Where the Flow of Wine is Heading
Speaking with the judges, it is clear that access to water is one of the most important issues in viticulture right now, and will continue to be the dominating factor in the growth or sustainability of any region.
Regions with unmitigated and natural access to fresh water will continue to produce high quality wines.
In California’s Central Valley, each vine requires between 30-40 litres of water a day. In drought years, of which California has seen since 2000, grape production suffers. In 1981, the Chilean government created the Water Code, monetising water, creating a for profit system on a necessary resource.
As Huether points out, “Hot dry climates are becoming less and less attractive to anybody to actually grow grapes, because they aren’t sustainable.” Bruce Wallner adds, “the desert conditions of Columbia Valley and the difficulty in obtaining water rights in Washington State is limiting the growth of that region more than anything else.”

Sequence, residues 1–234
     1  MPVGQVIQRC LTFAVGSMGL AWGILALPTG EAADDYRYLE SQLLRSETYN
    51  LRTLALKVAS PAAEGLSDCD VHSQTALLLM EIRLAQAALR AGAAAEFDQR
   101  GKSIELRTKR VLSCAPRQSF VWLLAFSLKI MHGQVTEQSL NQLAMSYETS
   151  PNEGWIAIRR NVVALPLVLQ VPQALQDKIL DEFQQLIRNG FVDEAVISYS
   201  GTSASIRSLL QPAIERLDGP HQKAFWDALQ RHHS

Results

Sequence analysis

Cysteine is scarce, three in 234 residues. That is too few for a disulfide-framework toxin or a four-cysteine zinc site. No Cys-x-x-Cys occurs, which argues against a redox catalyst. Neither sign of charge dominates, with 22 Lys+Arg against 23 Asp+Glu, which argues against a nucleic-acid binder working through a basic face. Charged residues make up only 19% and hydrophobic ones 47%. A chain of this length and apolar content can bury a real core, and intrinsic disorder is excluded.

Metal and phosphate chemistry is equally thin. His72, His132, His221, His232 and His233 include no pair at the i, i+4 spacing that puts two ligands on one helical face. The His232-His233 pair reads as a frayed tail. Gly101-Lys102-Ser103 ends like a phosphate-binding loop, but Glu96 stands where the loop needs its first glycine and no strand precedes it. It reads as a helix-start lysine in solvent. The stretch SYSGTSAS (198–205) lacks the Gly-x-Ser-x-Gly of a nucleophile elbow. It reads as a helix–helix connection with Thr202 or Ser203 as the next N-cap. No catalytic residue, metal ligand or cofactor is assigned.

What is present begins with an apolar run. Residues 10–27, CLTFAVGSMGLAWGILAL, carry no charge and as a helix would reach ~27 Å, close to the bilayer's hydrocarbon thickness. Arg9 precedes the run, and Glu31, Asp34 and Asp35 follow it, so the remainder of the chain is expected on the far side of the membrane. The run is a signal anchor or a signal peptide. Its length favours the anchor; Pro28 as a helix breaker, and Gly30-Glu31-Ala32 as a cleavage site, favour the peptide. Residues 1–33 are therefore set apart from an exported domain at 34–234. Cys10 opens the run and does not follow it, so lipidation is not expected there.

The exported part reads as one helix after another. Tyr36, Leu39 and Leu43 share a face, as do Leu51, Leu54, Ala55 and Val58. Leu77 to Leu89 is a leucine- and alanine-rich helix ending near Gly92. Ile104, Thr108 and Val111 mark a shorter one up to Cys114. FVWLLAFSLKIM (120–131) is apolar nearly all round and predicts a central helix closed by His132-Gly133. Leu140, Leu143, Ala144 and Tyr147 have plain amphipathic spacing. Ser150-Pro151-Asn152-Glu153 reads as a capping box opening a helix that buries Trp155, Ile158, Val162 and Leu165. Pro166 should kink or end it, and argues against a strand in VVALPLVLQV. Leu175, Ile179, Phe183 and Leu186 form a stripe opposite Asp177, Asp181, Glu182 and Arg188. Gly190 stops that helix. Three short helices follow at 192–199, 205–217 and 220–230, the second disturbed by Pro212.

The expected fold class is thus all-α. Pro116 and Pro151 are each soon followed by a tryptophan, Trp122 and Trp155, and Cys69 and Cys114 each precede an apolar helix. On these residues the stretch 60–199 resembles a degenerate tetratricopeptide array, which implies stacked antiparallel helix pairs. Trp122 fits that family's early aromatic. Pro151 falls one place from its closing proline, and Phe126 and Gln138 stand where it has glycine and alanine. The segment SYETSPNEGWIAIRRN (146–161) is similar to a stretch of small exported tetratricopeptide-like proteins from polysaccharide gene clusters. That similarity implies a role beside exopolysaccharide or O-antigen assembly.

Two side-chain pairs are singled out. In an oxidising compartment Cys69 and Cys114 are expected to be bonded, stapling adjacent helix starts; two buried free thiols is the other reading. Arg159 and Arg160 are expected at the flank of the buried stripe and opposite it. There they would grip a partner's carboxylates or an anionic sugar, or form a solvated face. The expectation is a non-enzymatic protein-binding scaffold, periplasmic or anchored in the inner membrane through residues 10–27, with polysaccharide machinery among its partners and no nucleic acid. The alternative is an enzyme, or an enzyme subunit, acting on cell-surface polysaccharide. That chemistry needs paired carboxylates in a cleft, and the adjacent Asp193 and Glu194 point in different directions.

Increased global temperatures have lead to continued drought almost everywhere, lowering yields, over ripening grapes, or creating shorter agricultural seasons. Natural and continued access to water will drive the market to wetter, cooler regions.
Wine requires balance. Too much of any one element creates a disjointed experience in the glass. Increased ripeness in grapes elevates sugars which in turn offers more alcohol, but the acidity decreases so there’s nothing to offset the residual sugars.
While this can be “corrected” in the winery, some regions regulate against this sort of intervention. As a result of climate change, we will continue to see wine production move outward from the equator, to more marginal environments. This will allow that natural balance in wine to be maintained.
How the Landscape is Changing